How Strong Is Your Digital Dollar?
Traditional investors may regard cryptocurrency as voodoo economics, but they do so at their own peril. For centuries, we have put our collective faith in paper money, the face value of which is essentially worthless. After all, a dollar bill is just a curious collection of ink and serial numbers, but it is backed by the almighty gold standard.
Cryptocurrency has its own foundations, and they form the cornerstone of our modern economy. So, to those who eschew digital dollars in lieu of more tangible assets, we say this: you are already invested in crypto, so it’s time to get current.
Smart investors understand the need to stay ahead of trends before they leave you behind. It is vital to be proactive rather than reactive. To properly equip ourselves for the digital revolution, let’s define our terms.
Cryptocurrency is an exchange of information in the form of quantifiable amounts. These amounts can be bought, sold and traded just like real money, but with more efficiency and, ideally, more egalitarianism. Bitcoin was founded on the concept of empowering individuals to participate in the global economy regardless of their nationality or politics.
With the state of current affairs, who can blame such a lofty mission statement?
Every night, news programs show local businesses shutting down as tens of millions of workers file for unemployment, yet the stock market seems to bounce back independent of human stimuli. Governments print paper money to prop up the illusion that their economies are stronger than they really are.
So, we must ask: how is cryptocurrency less reputable than traditional economic models?
In Tech We Trust
Individuals are already placing their trust, not to mention their hard-earned cash, into convenient technologies such as digital wallets. The software is tested vigorously to fend off hackers, the hardware is handy (in fact, it is available on your smartphone right now), and the interface is user-friendly.
The digital wallet market sector is growing at an exponential rate. In 2019, the relatively young technology accounted for over one trillion dollars of value. That number is estimated to grow by a factor of over 14 times in a mere three years. Imagine an investment that makes 1,400% ROI in the blink of a digital eye.
Users can indeed imagine such an eventuality because they are already living it. Apps such as Venmo, ApplePay, Zelle, and PayPal are dominating the way millennials and GenZ engage in the marketplace. The demand for digital wallets is clear, and it may just outshine entire nations’ economies in the very near future.
Most Traded Global Currencies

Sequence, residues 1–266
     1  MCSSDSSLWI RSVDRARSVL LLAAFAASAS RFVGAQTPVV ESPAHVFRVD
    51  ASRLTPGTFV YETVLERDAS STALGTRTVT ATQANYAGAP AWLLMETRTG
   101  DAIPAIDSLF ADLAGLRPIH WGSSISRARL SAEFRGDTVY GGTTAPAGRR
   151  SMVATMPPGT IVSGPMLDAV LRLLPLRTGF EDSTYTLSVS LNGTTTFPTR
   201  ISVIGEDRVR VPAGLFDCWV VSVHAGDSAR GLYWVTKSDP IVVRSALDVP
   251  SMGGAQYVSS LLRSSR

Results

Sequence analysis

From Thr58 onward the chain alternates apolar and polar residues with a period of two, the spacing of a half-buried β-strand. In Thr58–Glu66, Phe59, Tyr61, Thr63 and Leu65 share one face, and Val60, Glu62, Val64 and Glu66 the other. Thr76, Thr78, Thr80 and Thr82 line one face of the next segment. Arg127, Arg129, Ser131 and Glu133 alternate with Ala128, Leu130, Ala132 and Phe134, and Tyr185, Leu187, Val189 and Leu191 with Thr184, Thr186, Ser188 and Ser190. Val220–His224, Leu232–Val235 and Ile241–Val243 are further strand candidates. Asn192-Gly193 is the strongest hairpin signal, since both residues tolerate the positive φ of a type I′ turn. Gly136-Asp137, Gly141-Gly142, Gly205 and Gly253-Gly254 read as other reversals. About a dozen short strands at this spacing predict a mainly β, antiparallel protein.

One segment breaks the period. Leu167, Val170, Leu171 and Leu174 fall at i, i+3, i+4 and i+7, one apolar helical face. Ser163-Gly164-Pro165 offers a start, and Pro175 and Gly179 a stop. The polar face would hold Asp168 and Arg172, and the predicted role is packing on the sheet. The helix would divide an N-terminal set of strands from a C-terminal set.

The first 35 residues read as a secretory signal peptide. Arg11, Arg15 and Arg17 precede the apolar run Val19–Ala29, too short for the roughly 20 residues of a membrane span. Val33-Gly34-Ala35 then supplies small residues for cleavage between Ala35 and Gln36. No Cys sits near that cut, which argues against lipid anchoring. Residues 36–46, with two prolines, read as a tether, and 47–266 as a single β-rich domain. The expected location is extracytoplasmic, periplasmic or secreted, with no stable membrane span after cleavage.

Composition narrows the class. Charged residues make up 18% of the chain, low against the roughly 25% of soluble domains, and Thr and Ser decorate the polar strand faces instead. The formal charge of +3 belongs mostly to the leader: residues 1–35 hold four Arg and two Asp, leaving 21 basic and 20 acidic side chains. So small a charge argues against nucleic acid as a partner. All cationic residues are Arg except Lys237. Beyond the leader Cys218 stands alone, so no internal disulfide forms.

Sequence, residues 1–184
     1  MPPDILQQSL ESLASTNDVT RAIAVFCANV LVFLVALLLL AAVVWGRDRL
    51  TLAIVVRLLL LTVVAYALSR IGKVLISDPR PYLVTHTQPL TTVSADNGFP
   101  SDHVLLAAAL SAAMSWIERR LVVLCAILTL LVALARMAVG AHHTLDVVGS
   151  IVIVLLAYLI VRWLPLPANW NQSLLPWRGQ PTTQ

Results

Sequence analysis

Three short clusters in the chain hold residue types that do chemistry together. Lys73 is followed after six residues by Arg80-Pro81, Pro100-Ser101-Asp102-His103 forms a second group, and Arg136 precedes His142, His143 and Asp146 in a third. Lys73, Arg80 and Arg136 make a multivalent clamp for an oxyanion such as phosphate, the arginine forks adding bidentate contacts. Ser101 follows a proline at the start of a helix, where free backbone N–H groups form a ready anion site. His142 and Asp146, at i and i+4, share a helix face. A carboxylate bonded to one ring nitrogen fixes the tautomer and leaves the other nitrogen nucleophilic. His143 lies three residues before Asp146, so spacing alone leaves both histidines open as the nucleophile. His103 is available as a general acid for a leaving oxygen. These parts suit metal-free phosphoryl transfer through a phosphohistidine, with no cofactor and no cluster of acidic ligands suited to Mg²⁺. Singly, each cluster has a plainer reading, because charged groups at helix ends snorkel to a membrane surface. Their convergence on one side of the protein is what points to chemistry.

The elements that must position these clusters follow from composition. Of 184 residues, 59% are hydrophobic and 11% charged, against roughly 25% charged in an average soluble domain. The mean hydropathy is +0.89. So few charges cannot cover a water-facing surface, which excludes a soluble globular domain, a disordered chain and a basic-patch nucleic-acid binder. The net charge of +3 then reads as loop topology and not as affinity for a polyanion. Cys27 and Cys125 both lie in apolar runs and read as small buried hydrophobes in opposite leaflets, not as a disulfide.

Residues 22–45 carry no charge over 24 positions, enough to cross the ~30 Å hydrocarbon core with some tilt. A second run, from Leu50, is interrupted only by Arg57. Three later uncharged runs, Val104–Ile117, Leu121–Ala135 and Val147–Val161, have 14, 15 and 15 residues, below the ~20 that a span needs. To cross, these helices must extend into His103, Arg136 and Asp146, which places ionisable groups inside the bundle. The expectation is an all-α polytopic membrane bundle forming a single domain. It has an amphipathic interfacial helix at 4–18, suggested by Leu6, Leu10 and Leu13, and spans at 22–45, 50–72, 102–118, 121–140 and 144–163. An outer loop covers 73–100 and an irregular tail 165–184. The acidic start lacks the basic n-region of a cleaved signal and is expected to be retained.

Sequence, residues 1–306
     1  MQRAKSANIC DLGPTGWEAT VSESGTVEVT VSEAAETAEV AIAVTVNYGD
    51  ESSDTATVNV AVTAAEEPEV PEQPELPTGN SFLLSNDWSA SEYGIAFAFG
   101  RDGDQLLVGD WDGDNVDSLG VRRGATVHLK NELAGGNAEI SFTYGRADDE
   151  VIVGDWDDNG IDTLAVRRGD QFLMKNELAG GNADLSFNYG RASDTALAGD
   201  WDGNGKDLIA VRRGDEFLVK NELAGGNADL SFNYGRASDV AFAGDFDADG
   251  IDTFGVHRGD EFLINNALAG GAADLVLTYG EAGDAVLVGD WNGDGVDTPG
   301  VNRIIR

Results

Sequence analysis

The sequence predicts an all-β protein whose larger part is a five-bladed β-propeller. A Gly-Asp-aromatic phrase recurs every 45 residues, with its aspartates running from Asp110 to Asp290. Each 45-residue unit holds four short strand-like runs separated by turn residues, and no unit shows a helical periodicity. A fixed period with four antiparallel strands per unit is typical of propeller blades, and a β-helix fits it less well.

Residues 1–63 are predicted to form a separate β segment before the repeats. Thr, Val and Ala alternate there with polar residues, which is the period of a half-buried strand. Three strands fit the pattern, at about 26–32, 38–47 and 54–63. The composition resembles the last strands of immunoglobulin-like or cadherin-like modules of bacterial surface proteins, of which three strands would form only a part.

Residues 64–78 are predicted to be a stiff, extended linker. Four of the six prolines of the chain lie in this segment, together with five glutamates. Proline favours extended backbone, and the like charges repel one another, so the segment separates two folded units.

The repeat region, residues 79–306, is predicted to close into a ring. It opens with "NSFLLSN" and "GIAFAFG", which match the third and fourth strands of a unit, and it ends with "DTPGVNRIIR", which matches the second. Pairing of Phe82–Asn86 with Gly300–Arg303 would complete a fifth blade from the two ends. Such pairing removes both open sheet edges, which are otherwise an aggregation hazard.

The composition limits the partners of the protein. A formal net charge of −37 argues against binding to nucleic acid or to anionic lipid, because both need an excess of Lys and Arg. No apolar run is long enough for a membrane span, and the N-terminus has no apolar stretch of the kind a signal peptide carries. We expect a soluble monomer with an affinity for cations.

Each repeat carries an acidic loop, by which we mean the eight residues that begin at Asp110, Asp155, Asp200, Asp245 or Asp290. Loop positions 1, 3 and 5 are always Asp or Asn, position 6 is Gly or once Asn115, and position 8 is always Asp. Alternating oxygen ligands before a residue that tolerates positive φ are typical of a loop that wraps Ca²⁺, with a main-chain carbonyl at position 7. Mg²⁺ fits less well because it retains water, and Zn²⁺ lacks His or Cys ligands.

The foreign exchange market measures the pulse of worldwide trade. To get a lay of the economic landscape, let’s examine the list of the top ten most traded currencies on the global stage.
- United States Dollar (USD) – constitutes 44.15% of international trade
- The Euro (EUR) – 16.14%
- Japanese Yen (JPY) – 8.4%
- The British Pound (GBP) – 6.4%
- Australian Dollar (AUS) – 3.38%
- Canadian Dollar (CAD) – 2.52%
- Swiss Franc (CHF) – 2.48%
- Chinese Renminbi (CNY) – 2.16%
- Hong Kong Dollar (HKD) – 1.77%
- New Zealand Dollar (NZD) – 1.04%
Take a close look at the countries listed above. It is a minefield of conflict and chaos. Not only is each individual nation’s economy vulnerable to collapse and/or devaluation, but the lack of collaboration across borders makes the international investment a guessing game. How will the next election affect your portfolio? What will a global pandemic do to the cash climate of a given locale? How can you avoid the turbulence of another recession or (perish the thought) a worldwide depression?
The answers may shimmer in the vibrant possibilities presented by cryptocurrencies.
Seeking Stability Amidst Scarcity
Sustainability is a buzzword in both the environmental and economic circles. In order to achieve longevity, you must be able to produce promising results over the long term. Since the advent of fire, it seems like the goals of eco-warriors have always been at odds with industrialists and their investors, but we can all benefit from sustainability in the current digital marketplace.
Natural resources have been a major source of profit for centuries on end. Gold, oil, and coal have all driven various “rush” periods of booming economies built around the desire to excavate more, more, and ever more. The scarcity of natural resources can add to their value, but the pursuit of such materials will eventually dwindle into diminishing returns.
Scarcity does not need to be synonymous with exploitation. Economists are now focused on scarcity in the digital realm. Which methodologies offer the best solutions to balance the books? The answer often lingers in the crypto ether. As banks assess such macro issues as debt and solvency, they naturally consider what backs a particular currency. Is it on the gold standard, or something less tangible? The wealth of cryptocurrency is not based on its gossamer tether to a shiny nugget plucked from a riverbed, but rather in its foundation of innovation and cooperation.
Digital dollars are becoming more commonplace, but they are still traded on the cutting edge of our shared economy. By understanding the variability and versatility of cryptocurrency, savvy investors may be able to embrace the vast possibilities they afford.